“We knew that we had to bring out a competitive product that people enjoy with our other dishes,” Cassese says. “You may have a family come in, look at the menu and decide they want pizza. That’s just as great as ordering pasta.”
None of the four pizza shops interviewed could say how many pizzas they’ve sold this year, the reason being that orders are all combined. An order of three pizzas comes through the same as an order of chicken wings and breadsticks.
“You think that it’s thousands because you make so many, but I couldn’t honestly say how many pizzas we pump out of even one store in a year, Cocca says. “But it’s a very high number.” Owners of the other pizzerias say much the same.
When it comes to profits, side dishes – such as salads, wings or breadsticks – play an important role.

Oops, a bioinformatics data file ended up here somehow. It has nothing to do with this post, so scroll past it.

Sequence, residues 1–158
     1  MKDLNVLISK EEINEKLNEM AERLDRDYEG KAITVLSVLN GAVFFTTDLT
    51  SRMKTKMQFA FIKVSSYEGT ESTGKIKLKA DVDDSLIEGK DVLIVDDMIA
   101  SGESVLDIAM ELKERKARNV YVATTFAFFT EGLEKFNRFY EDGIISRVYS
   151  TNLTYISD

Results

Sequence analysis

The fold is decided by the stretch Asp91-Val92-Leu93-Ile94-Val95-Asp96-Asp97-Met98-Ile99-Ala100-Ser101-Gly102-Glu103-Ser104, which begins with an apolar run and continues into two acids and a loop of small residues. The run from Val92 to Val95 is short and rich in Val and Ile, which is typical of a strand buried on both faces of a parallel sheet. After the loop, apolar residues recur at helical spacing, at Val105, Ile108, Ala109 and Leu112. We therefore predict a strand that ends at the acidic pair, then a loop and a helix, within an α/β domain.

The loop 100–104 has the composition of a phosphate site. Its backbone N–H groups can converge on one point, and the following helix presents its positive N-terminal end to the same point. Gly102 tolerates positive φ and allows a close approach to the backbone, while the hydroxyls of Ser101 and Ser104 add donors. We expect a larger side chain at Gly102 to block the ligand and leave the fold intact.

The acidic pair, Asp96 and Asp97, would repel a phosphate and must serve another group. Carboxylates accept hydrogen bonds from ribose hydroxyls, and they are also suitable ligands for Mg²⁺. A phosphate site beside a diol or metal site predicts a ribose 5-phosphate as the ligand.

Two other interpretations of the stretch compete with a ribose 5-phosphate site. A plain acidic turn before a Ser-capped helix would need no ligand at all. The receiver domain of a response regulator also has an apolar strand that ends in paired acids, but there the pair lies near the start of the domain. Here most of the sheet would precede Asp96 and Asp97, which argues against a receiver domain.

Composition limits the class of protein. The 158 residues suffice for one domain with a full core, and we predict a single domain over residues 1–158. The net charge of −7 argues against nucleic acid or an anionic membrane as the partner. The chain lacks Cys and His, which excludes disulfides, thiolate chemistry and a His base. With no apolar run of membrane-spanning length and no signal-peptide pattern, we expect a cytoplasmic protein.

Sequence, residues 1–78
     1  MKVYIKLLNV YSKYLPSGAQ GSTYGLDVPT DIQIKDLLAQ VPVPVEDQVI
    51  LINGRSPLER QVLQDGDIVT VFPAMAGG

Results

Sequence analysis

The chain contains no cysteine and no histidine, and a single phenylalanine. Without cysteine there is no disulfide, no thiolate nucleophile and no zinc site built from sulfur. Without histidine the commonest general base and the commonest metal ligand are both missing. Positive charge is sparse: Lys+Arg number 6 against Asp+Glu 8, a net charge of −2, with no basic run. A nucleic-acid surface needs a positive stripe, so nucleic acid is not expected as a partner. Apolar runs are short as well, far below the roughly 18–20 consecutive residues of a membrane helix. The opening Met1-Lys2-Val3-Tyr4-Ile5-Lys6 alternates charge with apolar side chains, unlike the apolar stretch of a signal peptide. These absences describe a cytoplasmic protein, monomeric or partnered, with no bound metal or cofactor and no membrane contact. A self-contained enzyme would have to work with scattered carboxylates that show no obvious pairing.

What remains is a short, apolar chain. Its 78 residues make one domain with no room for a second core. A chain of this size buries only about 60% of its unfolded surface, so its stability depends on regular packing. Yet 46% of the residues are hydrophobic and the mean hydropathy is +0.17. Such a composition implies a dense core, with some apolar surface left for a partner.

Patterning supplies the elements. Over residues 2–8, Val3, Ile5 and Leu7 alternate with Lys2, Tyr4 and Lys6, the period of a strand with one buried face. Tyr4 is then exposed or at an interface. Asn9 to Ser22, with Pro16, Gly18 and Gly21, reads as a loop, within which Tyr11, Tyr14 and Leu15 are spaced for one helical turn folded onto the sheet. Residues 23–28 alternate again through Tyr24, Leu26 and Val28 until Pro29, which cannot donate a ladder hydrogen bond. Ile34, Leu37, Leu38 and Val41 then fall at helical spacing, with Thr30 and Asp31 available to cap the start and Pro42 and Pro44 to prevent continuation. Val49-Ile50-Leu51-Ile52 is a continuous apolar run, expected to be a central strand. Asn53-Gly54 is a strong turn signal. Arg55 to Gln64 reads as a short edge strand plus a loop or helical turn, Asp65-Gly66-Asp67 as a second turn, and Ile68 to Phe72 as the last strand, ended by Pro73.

For Stefan at the Austintown Inner Circle, chicken wings account for 40% of sales. That level of sales, carried over from the now-closed Inner Circle in Liberty, which he also owned, helped his restaurant become established in Austintown, which had long-established restaurants such as the original Wedgewood Pizza.
“It may be that because there were so many pizza places already established, offering multiple products helped us get our foot in the door and hold on over the years,” Stefan says. “I’ve focused more on wings whereas other places treat it like a secondary item.”
Much as the addition of pizza at MVR, they use short-order items to complement their existing menus, the pizzeria owners say.
“Naturally, pizza and wings go together. They’re party items that people like,” says Pellegrini. “If someone comes in and buys a pizza for $10, they might decide to get wings for another $10. Instead of walking out the door with just a pizza, they walk out the door with both.”
Cocca notes that side items are a way to ensure that everyone in a group, say at an office or a party, gets what they want. If a customer has a gluten-free diet or is a vegetarian he’ll get a salad, he says, and won’t be left out.